How to Protect Feet from Serious Injury

December 15, 2023

Here are some key points

  • Carelessness on the job can lead to sprains, strains, torn ligaments, and even amputation of the feet or legs.
  • You can avoid most foot and ankle injuries by watching where you walk and climb, and by wearing proper footwear.

Foot care is important

Your feet are used to perform a variety of work-related tasks, such as climbing ladders, operating certain agricultural machinery, or walking the fields during planting and harvest. Yet some people neglect their feet by being careless on the job. For example, they jump off of tractors or other moving equipment, don’t wear the proper footwear, or don’t watch where they walk. As a result, feet or ankles may wind up with sprains, fractures, and other serious injuries that can keep a person off the job and result in lost income for days or even weeks or months. Amputation may occur if a loose pants leg or shoelace gets caught in a power takeoff unit (PTO), or if your feet are crushed by farm machinery. Knowing how to avoid injuring your feet will help prevent serious incidents that can linger with you the rest of your life.

Protecting Feet from Serious Injury
Loose pants can get snagged Stay away from forklifts Wear rubber soled shoes
Serious foot injuries can occur if a loose pants leg gets caught in a PTO. Stay out of the way of forklifts and other moving equipment. If you climb a ladder, wear rubber-soled shoes that give you a good grip on the rungs.

Watch your step

  • The ground at nurseries, farms and other agricultural operations is rarely level and may have numerous slopes, uneven ground, and loose gravel.
  • That means you need to always watch where you are walking to avoid twisting and spraining your ankles or feet.
  • When walking, make sure there are no nails from pallets, barbed wire or other sharp objects in your path that could cause puncture wounds. Also, watch out for sharp rocks.
  • When operating tractors and other machinery, be sure all steps are free of mud, oil, ice, and other debris that may cause you to slide off, land awkwardly on your feet, and lead to serious injuries.
  • Be aware of all moving equipment in the workplace and stay out of the way to avoid getting your feet crushed by a forklift, wagon, shifting stacks, or other equipment.
  • Also, never use your foot to unjam a clogged machine. Instead, notify your supervisor of the problem.

Wear the right footwear

  • Always wear comfortable footwear with proper padding that will provide good arch support and reduce stress on your toes and balls of your feet, especially if you are working on a concrete floor.
  • Do not wear sandals or other footwear that exposes any part of the foot while you are on the job. Wearing shoes or boots that cover the entire foot reduces the risk of cuts, as well as exposure to soil or chemicals.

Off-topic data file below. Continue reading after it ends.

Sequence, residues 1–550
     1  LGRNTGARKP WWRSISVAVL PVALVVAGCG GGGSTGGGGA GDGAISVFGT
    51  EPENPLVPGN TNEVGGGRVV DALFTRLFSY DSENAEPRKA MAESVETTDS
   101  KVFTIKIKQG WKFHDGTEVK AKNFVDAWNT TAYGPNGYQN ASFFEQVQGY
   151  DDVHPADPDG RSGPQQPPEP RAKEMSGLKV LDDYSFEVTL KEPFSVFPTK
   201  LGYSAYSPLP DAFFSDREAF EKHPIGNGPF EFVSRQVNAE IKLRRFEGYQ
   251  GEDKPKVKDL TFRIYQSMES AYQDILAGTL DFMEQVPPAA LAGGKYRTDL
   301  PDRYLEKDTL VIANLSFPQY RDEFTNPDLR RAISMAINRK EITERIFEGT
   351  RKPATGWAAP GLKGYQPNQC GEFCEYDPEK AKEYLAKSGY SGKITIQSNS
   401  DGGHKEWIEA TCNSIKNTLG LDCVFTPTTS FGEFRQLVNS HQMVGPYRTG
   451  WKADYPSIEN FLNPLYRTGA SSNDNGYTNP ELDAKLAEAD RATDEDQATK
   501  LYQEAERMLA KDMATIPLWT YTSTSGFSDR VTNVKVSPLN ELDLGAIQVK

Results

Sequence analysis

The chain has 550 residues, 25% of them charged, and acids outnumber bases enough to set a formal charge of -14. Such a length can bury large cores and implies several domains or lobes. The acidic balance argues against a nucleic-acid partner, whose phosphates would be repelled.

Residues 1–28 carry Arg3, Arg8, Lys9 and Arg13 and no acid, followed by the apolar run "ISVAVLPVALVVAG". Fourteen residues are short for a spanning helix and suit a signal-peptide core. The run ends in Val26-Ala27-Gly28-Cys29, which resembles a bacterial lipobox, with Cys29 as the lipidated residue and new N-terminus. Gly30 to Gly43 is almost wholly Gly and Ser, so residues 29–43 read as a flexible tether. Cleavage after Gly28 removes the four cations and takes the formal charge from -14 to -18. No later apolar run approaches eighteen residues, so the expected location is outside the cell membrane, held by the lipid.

• Make sure your shoes are the right size, to avoid ingrown toenails. One-half size too large is better than one-half size too small.
  • If you climb a ladder to pick fruit or perform other tasks, always wear rubber-soled shoes that will provide a good grip on the rungs. Do not wear leather-soled shoes that may cause you to slip.
  • Know that some jobs may require safety toe shoes or boots.
  • Keep in mind that wearing the right footwear can also prevent other injuries besides those to the feet. For example, if you fall because you are wearing poor fitting shoes, you may also injure your back, shoulders and other parts of the body.

More important points

  • Never jump from agricultural machinery, motor vehicles or other equipment, because an awkward landing may result in a twisted or broken ankle or foot. Slowly climb up and down equipment. When possible, add steps to vehicles when the first step is too high off the ground.
  • Make sure you have a good grip on any heavy objects you lift or carry, so you don’t drop them on your toes or feet. Wearing steel- toed shoes is recommended if you do a lot of heavy lifting.
  • Don’t let your feet or legs get too close to PTOs, augers or other moving parts.
  • Make sure you wear clean socks made of breathable cotton or wool every day. This will help reduce your risk of athlete’s foot and dermatitis.
  • If you suffer any type of foot injury, report it to your supervisor.

Avoiding Foot Injuries Do’s and Don’ts


  • Always watch where you are walking, especially if you are working in areas where there’s uneven ground or sharp objects such as rocks, nails or barbed wire.
  • Make sure the steps used to climb up and down from farm machinery are free of mud, oil, and other slippery substances that could cause you to fall and injure your feet.
  • Always wear footwear with adequate padding.


  • Wear sandals or other shoes that expose any part of your feet.
  • Stand in the path of vehicles or other moving equipment that could run over your feet or toes and cause serious injury.
  • Jump from tractors or other equipment. That could lead to an awkward landing.

When you’re ready to work safely, you’re ready to work. See our full line of safety supplies, including respirators, eye and ear protection, coveralls, first aid and more.

Download Printable PDF